If you can, get your hands on a copy of one of your instructor's old exams. It will give you a better idea of his or her style, and you'll probably find that this test, though challenging, will be manageable. It's a great way to ease anxiety.
Does your text book have an online component? My course uses Martini's text book, and I've found the companion website quite helpful. I practice with the interactive tests online before every quiz or exam. The website helps me to recognize key concepts, too, and not get bogged down in detail.
Make a set of flash cards. Your bookstore might even sell small cards on a key ring. Flash through them when you're standing in line or waiting for an appointment. Take advantage of every opportunity to study. Every minute adds up!
Break up your reading and studying into small chunks. I can't read a chapter at a time; it's overwhelming. You need time to internalize all that information. I read four pages at the most, pretty slowly, and I master it in one reading. I only read the chapter once. I'm a tactile learner, so the process of taking notes as I go makes it much easier for me to understand and store information.
Get a study group together. This only works if everyone is equally committed to showing up prepared for meetings. I found that group discussions were very helpful in identifying key concepts to master as opposed to memorizing every bit of information. Understanding relationships and processes is more meaningful in the long run than memorizing bits and pieces. Explaining a concept to a classmate is also a great way to master the material as the rest of the group listens and critiques. Every member of our study group earned an A.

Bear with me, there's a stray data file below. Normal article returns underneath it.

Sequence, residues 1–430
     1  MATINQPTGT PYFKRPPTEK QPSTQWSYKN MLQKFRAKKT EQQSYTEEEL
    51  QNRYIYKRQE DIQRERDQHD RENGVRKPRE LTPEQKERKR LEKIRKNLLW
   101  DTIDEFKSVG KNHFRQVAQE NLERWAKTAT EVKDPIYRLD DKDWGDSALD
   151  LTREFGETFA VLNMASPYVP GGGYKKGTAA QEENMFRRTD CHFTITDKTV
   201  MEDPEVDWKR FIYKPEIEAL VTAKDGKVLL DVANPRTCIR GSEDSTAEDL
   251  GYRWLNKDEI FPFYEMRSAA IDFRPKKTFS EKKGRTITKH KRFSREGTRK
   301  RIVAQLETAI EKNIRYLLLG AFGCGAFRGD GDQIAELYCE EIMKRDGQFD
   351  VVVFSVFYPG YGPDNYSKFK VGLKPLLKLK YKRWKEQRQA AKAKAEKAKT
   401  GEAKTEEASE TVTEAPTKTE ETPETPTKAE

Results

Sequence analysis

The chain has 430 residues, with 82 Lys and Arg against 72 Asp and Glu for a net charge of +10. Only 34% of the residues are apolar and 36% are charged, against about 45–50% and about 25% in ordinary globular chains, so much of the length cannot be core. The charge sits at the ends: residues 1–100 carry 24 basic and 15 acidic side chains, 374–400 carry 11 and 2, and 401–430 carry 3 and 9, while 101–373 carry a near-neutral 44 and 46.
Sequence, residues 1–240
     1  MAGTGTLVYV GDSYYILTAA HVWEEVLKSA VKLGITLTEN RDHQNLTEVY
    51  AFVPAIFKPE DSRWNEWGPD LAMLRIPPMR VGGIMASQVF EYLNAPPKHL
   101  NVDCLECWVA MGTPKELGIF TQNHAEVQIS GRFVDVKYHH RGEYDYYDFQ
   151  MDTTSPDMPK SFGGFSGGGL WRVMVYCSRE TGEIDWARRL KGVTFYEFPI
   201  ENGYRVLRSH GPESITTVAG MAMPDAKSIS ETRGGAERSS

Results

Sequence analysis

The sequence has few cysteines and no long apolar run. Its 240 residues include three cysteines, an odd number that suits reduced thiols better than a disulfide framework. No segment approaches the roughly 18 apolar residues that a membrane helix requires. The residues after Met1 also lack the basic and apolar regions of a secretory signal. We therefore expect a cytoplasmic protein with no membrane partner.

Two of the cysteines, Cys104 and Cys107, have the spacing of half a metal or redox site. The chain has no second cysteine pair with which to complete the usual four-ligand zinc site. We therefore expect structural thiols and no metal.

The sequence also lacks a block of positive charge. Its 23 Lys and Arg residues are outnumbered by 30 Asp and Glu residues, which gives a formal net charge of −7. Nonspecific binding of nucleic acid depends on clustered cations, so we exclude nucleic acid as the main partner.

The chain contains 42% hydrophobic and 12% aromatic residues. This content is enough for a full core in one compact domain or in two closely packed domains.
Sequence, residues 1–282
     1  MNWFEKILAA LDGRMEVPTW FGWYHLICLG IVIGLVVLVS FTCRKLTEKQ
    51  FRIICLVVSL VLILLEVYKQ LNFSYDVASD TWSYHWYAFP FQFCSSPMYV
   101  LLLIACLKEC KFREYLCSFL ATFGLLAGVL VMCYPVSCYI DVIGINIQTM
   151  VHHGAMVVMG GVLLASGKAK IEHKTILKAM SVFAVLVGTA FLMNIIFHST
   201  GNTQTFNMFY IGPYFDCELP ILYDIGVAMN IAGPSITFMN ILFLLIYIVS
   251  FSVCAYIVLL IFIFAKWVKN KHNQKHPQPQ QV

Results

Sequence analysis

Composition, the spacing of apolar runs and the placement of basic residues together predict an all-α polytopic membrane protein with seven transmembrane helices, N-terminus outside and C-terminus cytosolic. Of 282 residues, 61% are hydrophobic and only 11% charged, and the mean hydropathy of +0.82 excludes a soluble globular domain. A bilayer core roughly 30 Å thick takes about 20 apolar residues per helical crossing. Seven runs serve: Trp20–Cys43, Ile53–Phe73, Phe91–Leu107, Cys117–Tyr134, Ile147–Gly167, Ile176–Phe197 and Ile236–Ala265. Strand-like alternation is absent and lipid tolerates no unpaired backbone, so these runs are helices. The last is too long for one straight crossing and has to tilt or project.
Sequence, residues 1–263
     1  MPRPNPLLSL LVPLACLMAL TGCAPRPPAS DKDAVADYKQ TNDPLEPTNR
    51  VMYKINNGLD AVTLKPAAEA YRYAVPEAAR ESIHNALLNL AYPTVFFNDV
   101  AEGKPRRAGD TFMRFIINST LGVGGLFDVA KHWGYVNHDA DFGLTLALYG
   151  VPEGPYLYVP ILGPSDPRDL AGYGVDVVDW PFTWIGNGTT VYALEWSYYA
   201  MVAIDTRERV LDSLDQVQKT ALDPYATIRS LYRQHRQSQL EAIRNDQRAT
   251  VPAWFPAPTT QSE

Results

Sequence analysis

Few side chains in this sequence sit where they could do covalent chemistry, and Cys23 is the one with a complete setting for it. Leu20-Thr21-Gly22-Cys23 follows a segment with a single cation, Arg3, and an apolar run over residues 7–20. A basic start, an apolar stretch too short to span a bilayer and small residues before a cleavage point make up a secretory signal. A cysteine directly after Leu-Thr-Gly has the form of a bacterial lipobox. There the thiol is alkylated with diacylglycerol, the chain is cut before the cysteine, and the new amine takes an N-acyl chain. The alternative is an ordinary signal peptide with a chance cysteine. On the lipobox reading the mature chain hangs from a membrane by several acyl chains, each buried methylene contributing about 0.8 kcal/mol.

For what it's worth, I had been out of school for more than 20 years when I started A&P, and I was very nervous. So I approached it just as I had my job and did exactly what my instructor suggested; for starters, she says we need to put in two to three hours a week for every hour of lab and lecture time. Yes, that's a lot -- but I never panicked before an exam, and I never had to cram. I also took her up on her offer for one-on-one instruction in the lab. (She's terrific!)
I also went to a "how to study science" session with an adviser and got a lot more out of it than I expected. I followed her advice and now begin every day -- and I mean every day, including Christmas break -- with my "hour of power," always devoted to A&P. I do it before sunrise, as I'm an early riser, and no matter what happens with the rest of my day, I know I've put in at least one quality hour.
Good luck on your test. Take the next day off -- then start studying for the next one!